Wear orange: end gun violence

“I will also Wear Orange on June 2nd for the other 30,000 lives lost to gun violence in our nation every year.”

gun-control-wearing-orangeIt was only this year that I heard about the # Wear Orange movement. Thursday, June 2 is National Gun Violence Awareness Day.

“The color orange symbolizes the value of human life. Hunters wear orange in the woods to protect themselves and others. In 2013, teens on the South Side of Chicago asked classmates to honor their murdered friend by wearing orange.” And it has become a national movement.

I asked my friend Ruth Senchyna to write about it from her very personal perspective:

On Thursday, June 2nd, I will Wear Orange to commemorate the life of my beloved nephew Camilo Senchyna-Beltran, who was shot and killed in December 2014 in San Francisco, the city in which he lived. Camilo was 26 years old, had just successfully completed paramedic training, and was out on the town celebrating with friends. He was a bright, beautiful and loving young man, with his whole life ahead of him, but his light was extinguished by another young man with a gun. A young man who—we were to find out after his arrest—was himself a shooting victim just a year before.

Although Camilo grew up in San Francisco, he also loved Albany, where his grandmother lived. He spent many of his Christmas and summer vacations here, and especially loved whitewater rafting in the Adirondacks and the Baseball Hall of Fame in Cooperstown.

I will also Wear Orange on June 2nd for the other 30,000 lives lost to gun violence in our nation every year. And for the countless others left behind to mourn the lives lost needlessly due to our inability as a nation to address this epidemic in any type of meaningful way.

Please join us on June 2nd in honoring Camilo’s life, as well as the thousand other lives cut short by gun violence in our city and our nation. I am grateful to Trinity Alliance of the Capital Region for providing the space and opportunity to do so. From 4 – 6 pm on June 2nd, we will gather at Trinity Alliance at 15 Trinity Place in Albany to observe National Gun Violence Awareness Day. We will also honor the life and work of Brother Yusuf Burgess on that day, who worked tirelessly to provide urban youth with positive alternatives to the cycle of violence that ensnares and destroys the futures of far too many young in our nation.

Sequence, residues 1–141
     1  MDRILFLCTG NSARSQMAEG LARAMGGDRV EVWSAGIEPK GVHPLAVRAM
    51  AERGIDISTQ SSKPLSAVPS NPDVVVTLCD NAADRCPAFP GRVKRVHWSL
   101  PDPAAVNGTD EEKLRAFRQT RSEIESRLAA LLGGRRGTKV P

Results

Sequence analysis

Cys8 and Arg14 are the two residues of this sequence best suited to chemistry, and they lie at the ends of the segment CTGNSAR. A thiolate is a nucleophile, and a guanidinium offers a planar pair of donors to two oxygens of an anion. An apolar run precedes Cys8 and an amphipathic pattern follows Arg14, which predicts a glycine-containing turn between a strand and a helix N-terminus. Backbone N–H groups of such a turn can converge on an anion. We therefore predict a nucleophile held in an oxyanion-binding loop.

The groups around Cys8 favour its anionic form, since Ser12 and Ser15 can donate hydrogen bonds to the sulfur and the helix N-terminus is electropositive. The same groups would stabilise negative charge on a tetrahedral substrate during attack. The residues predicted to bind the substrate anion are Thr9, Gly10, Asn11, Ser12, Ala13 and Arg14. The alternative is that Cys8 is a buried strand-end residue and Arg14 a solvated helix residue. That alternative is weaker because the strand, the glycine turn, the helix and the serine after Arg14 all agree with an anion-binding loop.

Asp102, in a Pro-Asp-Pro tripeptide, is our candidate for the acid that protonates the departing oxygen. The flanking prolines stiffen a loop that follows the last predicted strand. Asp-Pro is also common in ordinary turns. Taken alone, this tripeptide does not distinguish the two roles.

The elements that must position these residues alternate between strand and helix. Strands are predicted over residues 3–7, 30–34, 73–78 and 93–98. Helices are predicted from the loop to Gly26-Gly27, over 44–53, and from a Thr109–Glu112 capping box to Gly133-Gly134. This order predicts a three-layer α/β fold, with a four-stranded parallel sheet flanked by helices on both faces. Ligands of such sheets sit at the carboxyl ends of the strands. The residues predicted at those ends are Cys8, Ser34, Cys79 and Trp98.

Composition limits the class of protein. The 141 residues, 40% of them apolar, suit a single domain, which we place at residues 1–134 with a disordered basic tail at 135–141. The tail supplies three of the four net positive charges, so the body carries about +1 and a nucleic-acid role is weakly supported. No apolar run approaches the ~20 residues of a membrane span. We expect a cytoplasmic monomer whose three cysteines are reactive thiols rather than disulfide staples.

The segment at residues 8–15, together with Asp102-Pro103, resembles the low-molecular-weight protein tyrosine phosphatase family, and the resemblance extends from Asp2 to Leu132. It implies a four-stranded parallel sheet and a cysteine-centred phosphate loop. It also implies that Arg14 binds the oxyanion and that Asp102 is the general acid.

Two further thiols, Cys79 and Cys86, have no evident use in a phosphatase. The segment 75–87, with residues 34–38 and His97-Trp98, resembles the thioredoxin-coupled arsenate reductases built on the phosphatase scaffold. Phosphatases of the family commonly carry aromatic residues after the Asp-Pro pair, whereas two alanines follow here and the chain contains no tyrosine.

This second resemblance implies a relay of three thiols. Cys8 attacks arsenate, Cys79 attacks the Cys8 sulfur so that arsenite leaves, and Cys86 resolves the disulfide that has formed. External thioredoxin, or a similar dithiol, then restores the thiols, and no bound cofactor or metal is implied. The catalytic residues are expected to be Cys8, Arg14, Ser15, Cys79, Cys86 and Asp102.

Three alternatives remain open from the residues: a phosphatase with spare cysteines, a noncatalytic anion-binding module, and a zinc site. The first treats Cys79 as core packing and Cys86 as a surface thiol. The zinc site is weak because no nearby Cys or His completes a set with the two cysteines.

The mission of Trinity Alliance is to promote services to the community that will support and promote healthy families, adults and children. Their agency is dedicated to improving the neighborhood as a setting for family life, contributing to health and well-being, and promoting education and employment as a means of self-development. Albany Cure Violence and Leader Leading Troy’s Youth are anti-violence intervention and prevention programs run by Trinity Alliance.
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Ruth Senchyna was born and raised in Albany, and currently resides in the South End. After stints in the Bay Area and southern Africa, she returned to Albany in 2009 and is currently employed by the NYSDOH/AIDS Institute. Since the loss of her nephew to gun violence in 2014, she has channeled her grief into activism, primarily through Everytown for Gun Safety. She is grateful to Trinity Alliance for providing the opportunity and space to develop a memory garden for those lost to gun violence on the Brother Yusuf Burgess Community Garden site.

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